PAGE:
• Consider virtual volunteering. You can build your skills and add accomplishments to your résumé through volunteering. There are organizations who are looking for volunteers to help remotely.
  • Take an online course. Whether this is part of your academic programming or pursuing a personal interest, it’s always good to expand your knowledge base. Check out the listing of free ivy league online courses.
  • Enhance your study skills. The Student Success Office offers resources on how to adjust to online learning and how to study more effectively in university.
  • Learn on LinkedIn. LinkedIn Learning is available to Waterloo students at no cost.
  • Join a Meetup group. Grow connections in your areas of interest within relevant networks through Meetup groups that pique your curiosity.


  • CareerHub. Explore CareerHub for helpful tips on applying and interviewing, work search strategies, and success at work.
  • Working remotely. If you’re new to working from home, set yourself up for success. See these tips for working remotely as a co-op student from Co-operative Education.
  • Co-op consults and appointments. Connect virtually or in-person with a career advisor for support with a variety of career preparation topics including résumé, cover letter, interview, work search and further education planning.
  • CCA drop-ins and workshops. Explore online workshops and drop-in sessions. All workshops, events and drop-in sessions are currently offered virtually.
  • Connect with other students. 
    • Join the Co-op Connection group for your area.
    • Reach out to your faculty student society to learn more about the peer-to-peer supports they’re offering.
    • WUSA Peer Support Services including MATES, Glow Centre, The Women's Centre, and RAISE are offering one-on-one online peer support sessions throughout the term.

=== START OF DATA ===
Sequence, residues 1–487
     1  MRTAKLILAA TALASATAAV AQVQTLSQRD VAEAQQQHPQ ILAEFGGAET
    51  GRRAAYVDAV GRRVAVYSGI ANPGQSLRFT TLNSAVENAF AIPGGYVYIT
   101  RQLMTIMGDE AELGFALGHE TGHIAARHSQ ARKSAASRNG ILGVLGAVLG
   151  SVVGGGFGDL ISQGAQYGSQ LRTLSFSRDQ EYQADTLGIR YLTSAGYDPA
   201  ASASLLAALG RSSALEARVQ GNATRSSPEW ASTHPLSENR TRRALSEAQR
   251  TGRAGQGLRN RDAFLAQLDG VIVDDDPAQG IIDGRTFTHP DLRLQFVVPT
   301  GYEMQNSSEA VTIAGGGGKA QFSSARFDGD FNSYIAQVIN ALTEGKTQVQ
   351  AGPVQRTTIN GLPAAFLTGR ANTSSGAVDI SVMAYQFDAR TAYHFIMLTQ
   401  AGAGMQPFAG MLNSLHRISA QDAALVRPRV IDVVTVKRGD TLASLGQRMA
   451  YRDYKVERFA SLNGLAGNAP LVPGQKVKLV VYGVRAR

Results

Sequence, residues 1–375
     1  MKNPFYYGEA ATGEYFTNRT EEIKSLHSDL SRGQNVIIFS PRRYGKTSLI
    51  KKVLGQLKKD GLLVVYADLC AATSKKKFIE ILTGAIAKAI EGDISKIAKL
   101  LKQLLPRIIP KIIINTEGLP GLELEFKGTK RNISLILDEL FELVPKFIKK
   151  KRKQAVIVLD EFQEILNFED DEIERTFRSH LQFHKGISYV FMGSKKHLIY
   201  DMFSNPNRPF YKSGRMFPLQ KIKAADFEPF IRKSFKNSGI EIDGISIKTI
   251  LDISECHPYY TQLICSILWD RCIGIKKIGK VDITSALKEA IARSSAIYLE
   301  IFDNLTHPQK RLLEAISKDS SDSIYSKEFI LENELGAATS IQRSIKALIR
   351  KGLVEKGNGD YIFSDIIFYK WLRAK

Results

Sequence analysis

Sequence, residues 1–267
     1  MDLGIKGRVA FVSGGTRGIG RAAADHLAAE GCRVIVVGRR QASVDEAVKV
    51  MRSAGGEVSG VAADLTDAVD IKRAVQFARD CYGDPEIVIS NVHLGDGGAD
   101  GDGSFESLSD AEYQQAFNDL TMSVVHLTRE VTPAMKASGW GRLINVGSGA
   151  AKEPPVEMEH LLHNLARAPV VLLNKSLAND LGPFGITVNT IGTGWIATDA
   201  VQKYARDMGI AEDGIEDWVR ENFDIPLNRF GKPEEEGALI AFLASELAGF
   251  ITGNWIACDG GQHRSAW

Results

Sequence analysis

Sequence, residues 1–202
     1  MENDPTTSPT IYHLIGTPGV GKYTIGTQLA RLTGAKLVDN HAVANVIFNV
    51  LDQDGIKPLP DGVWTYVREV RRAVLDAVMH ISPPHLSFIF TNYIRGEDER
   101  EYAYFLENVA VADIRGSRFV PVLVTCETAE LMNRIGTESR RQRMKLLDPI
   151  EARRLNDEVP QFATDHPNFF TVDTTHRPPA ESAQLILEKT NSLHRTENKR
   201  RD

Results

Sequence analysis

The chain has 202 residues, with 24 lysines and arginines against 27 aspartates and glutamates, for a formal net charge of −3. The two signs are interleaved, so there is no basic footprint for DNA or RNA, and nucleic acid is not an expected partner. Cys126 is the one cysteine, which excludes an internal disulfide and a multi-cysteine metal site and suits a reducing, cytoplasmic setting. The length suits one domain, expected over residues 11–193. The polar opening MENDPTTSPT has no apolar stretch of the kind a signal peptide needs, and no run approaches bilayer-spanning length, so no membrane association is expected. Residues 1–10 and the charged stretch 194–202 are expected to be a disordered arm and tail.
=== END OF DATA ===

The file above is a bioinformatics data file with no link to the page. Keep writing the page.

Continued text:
• Check out the ENGWellness blog.
  • MyWorldAbroad. Explore virtual ways to connect with international experiences:
  • International student resources. The Student Success Office offers immigration consulting, information pertaining to immigration documents and more.
  • Food Support Service. Food hampers are currently available from the Turnkey Desk and a number of other campus locations, or find a Food Bank near you.
  • Wellness.
    • Campus Wellness - Counselling Services provides service by phone and video from 8:30 a.m. to 4:30 p.m., Monday to Friday. Workshops and seminars are also available online.
    • Good2Talk, a phone and texting service, offers confidential support to post-secondary students.
    • BounceBack is a free, evidence-based cognitive behavioural therapy (CBT) program that offers guided mental health self-help supports for adults and youth 15+ using workbooks, online videos and phone coaching.
    • Empower Me, a confidential mental health and wellness service, connects students with qualified counsellors 24/7. 
    • Wellness Together provides free online resources, tools, apps and connections to trained volunteers and qualified mental health professionals when needed.
  • WUSA Commissioners. Here to help in a variety of areas that students may be experiencing during this time. For more information, contact: